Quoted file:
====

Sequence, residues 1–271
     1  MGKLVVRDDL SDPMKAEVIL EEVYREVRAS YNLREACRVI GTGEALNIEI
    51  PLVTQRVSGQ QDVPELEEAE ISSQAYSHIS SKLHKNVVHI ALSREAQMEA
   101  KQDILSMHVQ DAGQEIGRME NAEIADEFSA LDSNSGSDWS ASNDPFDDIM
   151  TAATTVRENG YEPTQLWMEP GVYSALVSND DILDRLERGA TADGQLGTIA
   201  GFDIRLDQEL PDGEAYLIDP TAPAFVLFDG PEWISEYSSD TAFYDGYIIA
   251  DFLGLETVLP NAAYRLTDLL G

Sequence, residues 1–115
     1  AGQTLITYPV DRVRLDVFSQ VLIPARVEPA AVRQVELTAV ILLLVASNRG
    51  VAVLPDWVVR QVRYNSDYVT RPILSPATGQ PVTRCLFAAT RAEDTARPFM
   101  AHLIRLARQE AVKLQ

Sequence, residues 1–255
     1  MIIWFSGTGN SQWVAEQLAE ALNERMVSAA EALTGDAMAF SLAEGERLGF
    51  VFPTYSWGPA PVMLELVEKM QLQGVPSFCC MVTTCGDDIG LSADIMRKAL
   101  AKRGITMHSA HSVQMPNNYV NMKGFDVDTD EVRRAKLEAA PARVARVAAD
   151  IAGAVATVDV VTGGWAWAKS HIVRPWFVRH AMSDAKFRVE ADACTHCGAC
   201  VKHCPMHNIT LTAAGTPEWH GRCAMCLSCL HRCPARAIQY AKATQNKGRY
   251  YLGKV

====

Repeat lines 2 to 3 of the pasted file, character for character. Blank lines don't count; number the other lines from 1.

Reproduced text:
     1  MGKLVVRDDL SDPMKAEVIL EEVYREVRAS YNLREACRVI GTGEALNIEI
    51  PLVTQRVSGQ QDVPELEEAE ISSQAYSHIS SKLHKNVVHI ALSREAQMEA